Daisy “Jett” Kowalski (Carla Gugino) is someone whose face people remember. A silent, meticulous thief who can translate those skills into something more outwardly elegant when necessary, Jett stumbles across multiple past associates along her way to getting out of a life of crime for good. But by necessity, “Jett” is more than just its title character. Watching the new Cinemax series, written and directed by Sebastian Gutierrez, is watching Jett wind through a thinly disguised world of scumbags, well-intentioned thieves, and people caught in between both camps. It’s filled with characters and situations we’ve seen before, but her journey makes that familiar trip worth it.
Despite her criminal prowess, Jett isn’t infallible. Gutierrez wisely stays away from making his central character an impervious angel of vengeance, even if there are some sequences that do tend in that direction. The most compelling moments of the series find Jett being forced to outwit her opponents, recalibrating a plan on the fly when necessary. Sometimes those opponents are cloaked in friendliness. Other times, all that’s missing is a twirling mustache to signal their arrival.
However strong she may be in hand-to-hand combat or in gathering information for an impending heist, Jett’s true strength lies in her preparation. Adopting the array of wigs and outfits and cover stories of plenty on-screen spies before her, “Jett” is at its most thrilling when the audience can sense that Jett has all literal and figurative angles covered. She knows where the cameras are, she knows the quickest ways to the exit, and she remembers what some informant told her years ago to help connect a stranger to her intended target.
Gugino has proven that she’s more than capable to handle a role like this. She got her first front-and-center TV role on the acclaimed, but shortlived series “Karen Sisco.” Now, a decade and a half later, she’s back with another title character that also feels in line with her former show’s literary origins. While many of the figures in “Jett” — like her dapper and enigmatic handler Charlie Baudelaire (Giancarlo Esposito) — are tasked with fitting into a particular criminal underworld archetype, Gugino is given a much greater opportunity to show off her versatility. She handles the stylized, snappy dialogue with confidence and gives purpose to each of Jett’s acts of physical and mental dexterity.
Gutierrez plays with each episode’s timeline, often working backward to give context to the present. Sometimes these diversions feel like a necessary surprise, designed to challenge perceptions of a particular character or to undercut assumptions of the various personal relationship in Jett’s immediate orbit. Occasionally though, these can feel like manufactured narrative trickery when the events themselves end up being far more straightforward.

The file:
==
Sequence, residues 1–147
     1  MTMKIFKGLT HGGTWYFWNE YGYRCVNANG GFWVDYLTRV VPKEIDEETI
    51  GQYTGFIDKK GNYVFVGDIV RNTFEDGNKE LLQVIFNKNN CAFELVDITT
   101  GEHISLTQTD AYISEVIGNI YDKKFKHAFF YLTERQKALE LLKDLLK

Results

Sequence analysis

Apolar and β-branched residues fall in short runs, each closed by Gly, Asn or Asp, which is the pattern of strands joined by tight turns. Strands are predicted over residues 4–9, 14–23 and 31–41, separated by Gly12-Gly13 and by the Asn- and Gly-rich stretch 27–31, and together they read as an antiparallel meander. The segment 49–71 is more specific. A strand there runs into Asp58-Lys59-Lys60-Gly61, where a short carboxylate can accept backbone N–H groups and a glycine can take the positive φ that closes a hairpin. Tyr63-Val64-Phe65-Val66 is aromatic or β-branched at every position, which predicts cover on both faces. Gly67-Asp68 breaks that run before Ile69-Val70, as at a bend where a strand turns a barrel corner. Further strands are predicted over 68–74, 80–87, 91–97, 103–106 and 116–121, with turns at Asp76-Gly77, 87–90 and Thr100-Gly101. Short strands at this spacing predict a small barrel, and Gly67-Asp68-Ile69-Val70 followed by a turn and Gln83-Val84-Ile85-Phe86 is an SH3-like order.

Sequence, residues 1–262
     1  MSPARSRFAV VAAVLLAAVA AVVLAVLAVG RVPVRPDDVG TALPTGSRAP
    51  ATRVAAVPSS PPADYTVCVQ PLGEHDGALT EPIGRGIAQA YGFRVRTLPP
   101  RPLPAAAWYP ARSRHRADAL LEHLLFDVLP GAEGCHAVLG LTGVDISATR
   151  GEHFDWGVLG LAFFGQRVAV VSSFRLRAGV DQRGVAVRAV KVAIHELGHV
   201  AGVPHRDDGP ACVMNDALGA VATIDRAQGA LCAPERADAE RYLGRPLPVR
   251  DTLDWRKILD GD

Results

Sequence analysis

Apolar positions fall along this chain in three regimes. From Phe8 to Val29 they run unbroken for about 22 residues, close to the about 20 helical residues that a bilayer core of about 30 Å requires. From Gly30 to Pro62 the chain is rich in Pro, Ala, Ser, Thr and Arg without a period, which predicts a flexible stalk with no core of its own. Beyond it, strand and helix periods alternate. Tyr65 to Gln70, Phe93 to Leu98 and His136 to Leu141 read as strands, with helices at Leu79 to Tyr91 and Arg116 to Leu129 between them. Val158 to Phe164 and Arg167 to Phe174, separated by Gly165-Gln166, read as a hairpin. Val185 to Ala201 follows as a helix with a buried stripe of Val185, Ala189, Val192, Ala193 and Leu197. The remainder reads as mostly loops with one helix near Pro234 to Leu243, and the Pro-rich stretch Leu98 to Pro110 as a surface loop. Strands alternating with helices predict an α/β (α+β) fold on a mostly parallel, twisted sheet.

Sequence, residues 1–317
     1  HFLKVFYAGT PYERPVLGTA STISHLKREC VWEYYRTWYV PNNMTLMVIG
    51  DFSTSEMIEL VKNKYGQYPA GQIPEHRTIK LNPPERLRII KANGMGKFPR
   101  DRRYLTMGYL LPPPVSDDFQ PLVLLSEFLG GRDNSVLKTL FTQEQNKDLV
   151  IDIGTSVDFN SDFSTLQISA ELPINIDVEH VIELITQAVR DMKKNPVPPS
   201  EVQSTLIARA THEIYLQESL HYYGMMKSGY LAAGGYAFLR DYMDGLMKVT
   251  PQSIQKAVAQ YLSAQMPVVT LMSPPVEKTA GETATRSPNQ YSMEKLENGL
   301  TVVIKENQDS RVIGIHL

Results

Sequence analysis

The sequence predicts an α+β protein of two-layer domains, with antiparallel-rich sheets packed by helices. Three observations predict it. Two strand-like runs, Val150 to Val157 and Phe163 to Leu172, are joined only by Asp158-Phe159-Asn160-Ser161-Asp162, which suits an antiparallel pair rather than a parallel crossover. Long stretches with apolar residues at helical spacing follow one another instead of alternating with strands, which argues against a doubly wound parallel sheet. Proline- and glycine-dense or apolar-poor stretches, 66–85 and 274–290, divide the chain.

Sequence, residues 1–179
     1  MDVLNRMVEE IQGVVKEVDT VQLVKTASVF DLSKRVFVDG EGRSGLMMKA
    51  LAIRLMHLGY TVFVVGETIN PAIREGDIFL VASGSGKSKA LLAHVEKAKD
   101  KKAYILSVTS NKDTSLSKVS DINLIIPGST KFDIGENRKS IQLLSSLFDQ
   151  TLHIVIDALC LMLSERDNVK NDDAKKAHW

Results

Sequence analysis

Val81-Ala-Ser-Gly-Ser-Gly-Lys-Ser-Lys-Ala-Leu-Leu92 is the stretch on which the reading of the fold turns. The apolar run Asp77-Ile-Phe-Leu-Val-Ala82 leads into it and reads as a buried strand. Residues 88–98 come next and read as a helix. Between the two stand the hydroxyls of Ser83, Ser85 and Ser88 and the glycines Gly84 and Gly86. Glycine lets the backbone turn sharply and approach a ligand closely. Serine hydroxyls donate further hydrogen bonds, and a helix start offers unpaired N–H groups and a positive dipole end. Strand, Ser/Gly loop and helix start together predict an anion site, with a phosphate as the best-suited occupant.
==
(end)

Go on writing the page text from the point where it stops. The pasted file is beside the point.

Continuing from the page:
On the whole, the further away from Jett the show strays, the more momentum it tends to lose. Certain secondary relationships are more effective than others — Charlie’s footsoldiers justify their screentime far more than the pair of detectives who are partners in more ways than one. Even when those storylines don’t seem like mere padding for each episode’s hourlong runtime, the pull of “Jett” comes from watching the next steps in Jett’s survival plans unfold.
Though this series may end up in the very near future on some all-encompassing streaming platform, future viewers will be able to peg this as a Cinemax show almost from the outset. “Jett” fits in with the network’s history of action series. But even for a show this pulpy at times, there’s are enough scenes where sex feels shoehorned in as if done to meet a quota.
So it feels all the more exciting when “Jett” does manage to play against expectations and deliver a version of this crime world that feels of its making rather than indebted to a genre checklist. Jett does travel internationally, but even when sticking close to home, there’s a distinct attempt to switch up the show’s color palette that makes Jett’s world feel more expansive and vibrant.
In the show’s early going, “Jett” is certainly not shy about ticking up its body count, either. When this feels earned, it contributes to a real sense of dread, that even if Jett is savvy enough to navigate treacherous conditions, she can’t save everyone. Then there are times when someone is offed in broad daylight merely as a means to underline who the show’s villains are.
With Jett as its center, the show does effectively handle the tricky balance between job-of-the-week procedural and evolving crime saga. When seen through her eyes, whether in a backroom bathed in neon light or an abandoned warehouse or on the deck of a bridge, there’s a slickness to “Jett” that helps propel it along. It’s not a reinvention, but there aren’t many versions of this story that have done it with more style.
“Jett” airs Friday nights at 10 p.m. on Cinemax.